Last Updated on February 24, 2014 by Tim
Doodling is not a waste of time and those that doubt it’s impact can just turn to history to see what a simple drawing on an unexpected medium can take flight too. All you need is a cocktail napkin and a pen. That’s it, not a diatribe of applications or desktop software’s, rather the simplest tools to share the potential of a startup.
The Southwest Airlines story is one that speaks true to that exact fact. Rollin King, an entrepreneur from Texas had dinner with a lawyer in 1967. But this meeting was more than a chance to fill their stomach’s it was a chance for Rollin King to start a business idea that is a staple in the commercial airline industry today. He drew out a simple illustration on a near by napkin—San Antonio, Houston, and Dallas were donned and connected to form a triangle. He explained that the company would do at that time what was revolutionary, offer non-stop flights between these three popular destinations.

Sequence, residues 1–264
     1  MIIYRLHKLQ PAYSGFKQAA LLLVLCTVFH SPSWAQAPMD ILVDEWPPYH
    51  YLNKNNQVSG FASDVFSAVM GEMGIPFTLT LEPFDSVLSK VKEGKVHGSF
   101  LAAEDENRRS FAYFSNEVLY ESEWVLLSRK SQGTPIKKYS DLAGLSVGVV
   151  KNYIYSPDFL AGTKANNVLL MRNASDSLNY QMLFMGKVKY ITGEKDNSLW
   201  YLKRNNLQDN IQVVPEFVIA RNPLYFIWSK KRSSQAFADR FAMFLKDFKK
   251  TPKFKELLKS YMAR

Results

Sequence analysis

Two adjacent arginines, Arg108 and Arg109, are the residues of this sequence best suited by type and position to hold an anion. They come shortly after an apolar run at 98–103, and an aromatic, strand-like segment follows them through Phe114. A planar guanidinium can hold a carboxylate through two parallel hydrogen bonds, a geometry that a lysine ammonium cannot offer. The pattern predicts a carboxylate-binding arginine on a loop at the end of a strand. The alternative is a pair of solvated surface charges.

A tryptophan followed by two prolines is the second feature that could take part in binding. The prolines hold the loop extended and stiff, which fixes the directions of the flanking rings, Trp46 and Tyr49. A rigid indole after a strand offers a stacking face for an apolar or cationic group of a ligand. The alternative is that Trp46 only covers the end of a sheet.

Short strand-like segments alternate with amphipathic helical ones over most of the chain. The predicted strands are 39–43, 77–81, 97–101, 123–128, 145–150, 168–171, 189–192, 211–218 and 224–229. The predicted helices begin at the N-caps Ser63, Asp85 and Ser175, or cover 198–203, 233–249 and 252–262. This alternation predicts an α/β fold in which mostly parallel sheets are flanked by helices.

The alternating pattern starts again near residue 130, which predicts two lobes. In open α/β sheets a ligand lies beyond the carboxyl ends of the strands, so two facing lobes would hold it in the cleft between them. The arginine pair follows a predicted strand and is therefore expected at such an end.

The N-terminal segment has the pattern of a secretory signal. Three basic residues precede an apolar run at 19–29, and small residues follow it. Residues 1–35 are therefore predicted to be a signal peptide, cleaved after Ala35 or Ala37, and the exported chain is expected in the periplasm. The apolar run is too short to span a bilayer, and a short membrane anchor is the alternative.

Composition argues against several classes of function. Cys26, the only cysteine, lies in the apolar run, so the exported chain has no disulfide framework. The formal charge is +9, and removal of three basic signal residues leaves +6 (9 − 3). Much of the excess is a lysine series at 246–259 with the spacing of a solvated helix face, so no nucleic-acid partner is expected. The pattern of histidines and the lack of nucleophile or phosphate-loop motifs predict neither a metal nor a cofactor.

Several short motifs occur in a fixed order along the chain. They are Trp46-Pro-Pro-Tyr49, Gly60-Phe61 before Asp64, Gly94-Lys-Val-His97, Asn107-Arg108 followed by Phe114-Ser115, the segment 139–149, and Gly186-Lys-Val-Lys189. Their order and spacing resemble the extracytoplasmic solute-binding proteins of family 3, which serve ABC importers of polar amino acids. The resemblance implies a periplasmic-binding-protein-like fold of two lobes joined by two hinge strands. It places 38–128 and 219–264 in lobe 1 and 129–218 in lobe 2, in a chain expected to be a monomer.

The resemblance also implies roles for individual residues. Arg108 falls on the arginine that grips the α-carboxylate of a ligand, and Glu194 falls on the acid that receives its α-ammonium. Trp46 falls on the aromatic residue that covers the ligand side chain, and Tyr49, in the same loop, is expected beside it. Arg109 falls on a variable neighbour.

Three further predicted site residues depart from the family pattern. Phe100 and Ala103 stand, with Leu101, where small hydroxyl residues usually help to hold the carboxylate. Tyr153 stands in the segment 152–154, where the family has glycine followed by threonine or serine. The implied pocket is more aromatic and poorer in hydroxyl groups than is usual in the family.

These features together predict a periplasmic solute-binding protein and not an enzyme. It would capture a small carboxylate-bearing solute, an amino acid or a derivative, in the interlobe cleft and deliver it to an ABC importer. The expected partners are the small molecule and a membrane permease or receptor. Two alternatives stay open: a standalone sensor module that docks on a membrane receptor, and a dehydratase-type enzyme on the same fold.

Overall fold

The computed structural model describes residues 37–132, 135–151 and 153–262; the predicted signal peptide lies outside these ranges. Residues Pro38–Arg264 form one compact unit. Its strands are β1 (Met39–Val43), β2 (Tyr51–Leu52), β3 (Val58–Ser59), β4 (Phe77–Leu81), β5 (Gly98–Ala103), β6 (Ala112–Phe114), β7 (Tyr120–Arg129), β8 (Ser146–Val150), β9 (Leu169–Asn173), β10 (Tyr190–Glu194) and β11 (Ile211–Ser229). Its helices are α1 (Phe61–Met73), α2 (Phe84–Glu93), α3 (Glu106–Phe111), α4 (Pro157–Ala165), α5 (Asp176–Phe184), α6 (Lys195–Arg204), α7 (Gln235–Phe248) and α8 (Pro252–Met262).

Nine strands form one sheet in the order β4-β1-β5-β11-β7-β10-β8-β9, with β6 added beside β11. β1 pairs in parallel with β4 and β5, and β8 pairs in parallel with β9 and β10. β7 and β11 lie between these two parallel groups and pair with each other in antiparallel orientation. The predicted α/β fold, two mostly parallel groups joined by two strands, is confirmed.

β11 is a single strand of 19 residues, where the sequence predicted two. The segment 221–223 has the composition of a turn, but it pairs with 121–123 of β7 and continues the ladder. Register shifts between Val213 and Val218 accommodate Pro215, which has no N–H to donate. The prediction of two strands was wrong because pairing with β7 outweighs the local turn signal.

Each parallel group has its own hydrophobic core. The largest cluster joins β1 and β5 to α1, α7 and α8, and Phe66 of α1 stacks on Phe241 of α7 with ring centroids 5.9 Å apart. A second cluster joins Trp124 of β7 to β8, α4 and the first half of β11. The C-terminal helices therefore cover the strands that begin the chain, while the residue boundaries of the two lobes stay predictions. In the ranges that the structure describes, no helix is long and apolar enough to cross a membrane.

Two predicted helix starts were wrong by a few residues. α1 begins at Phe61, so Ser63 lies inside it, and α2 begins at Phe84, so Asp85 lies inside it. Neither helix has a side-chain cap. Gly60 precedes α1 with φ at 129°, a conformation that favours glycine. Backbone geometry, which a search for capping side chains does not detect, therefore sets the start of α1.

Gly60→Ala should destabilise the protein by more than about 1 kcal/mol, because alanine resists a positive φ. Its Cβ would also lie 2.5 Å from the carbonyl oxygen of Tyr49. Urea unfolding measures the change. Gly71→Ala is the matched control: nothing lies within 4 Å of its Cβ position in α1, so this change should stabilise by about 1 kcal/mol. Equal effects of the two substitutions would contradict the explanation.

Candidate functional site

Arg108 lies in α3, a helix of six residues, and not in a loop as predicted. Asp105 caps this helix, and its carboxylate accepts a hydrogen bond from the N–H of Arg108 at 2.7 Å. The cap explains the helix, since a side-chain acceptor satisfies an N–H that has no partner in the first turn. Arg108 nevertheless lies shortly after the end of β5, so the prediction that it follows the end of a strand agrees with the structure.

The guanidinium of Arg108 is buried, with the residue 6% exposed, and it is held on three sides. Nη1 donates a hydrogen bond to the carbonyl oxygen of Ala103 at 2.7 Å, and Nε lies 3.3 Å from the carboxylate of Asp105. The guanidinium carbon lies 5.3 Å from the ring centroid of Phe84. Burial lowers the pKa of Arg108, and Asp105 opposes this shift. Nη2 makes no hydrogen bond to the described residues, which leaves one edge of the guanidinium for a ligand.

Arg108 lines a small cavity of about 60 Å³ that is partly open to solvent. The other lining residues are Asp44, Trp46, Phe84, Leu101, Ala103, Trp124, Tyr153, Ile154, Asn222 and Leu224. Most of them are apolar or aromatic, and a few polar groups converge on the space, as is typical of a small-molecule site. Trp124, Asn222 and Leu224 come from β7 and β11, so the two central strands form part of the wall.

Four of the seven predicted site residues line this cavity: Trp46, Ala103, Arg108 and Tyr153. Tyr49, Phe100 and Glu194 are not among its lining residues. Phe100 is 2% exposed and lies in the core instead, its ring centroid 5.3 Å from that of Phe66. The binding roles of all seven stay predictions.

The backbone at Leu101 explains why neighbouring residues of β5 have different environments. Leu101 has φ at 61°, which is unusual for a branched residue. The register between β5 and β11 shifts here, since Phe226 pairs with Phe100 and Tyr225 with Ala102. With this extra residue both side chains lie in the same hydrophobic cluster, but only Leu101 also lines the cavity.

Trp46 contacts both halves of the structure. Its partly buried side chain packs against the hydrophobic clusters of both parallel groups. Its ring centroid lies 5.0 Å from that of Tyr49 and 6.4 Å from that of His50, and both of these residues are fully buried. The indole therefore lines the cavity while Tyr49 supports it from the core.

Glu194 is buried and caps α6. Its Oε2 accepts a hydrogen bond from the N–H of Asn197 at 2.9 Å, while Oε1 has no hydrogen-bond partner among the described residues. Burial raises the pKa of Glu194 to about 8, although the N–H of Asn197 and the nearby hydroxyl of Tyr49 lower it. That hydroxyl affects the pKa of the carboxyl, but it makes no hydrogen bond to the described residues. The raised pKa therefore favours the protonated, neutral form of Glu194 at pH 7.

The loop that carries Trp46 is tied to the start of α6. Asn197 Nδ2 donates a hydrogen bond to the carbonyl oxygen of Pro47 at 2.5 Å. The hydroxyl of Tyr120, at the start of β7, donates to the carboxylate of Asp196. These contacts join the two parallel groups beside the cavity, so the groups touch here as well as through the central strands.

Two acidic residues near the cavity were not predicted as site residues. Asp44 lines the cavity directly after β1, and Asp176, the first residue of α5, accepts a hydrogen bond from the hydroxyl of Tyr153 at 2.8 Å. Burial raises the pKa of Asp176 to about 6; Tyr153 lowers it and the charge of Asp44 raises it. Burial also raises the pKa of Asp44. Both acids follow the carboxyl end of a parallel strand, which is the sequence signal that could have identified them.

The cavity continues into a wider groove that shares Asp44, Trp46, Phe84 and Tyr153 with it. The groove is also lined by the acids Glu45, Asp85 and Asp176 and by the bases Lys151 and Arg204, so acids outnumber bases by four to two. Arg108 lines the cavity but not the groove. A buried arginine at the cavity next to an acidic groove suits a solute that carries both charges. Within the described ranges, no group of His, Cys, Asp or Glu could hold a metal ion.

A simple napkin drawing built the opportunity for now Southwest chairman Herb Kelleher to start a tiny airline which blew up to be one of the most profitable airlines in the world. This is just one story of the million-dollar ideas that have come from a sketch on a napkin. Baum-Kuchen is celebrating the habit of creative entrepreneurs with a Napkin Sketchbook. Like Rollin King finding a place to jot down an idea instead of saving it today in an application is still a necessity. Because sharing an idea with a hand drawing always seems to be the fastest and easiest way to spark a solution.
When that does happen a paper napkin has been the medium chosen for years, it is the blank canvas that can be anything. From a logo, blueprints, a diagram, it works perfectly. Perfectly because it’s just a napkin and doodling on what feels like a non-essential product as opposed to a fresh notebook feels more freeing. Baum-Kuchen is selling their Napkin Sketchbook in a leather case for those exact reasons.
What was your favorite napkin startup story?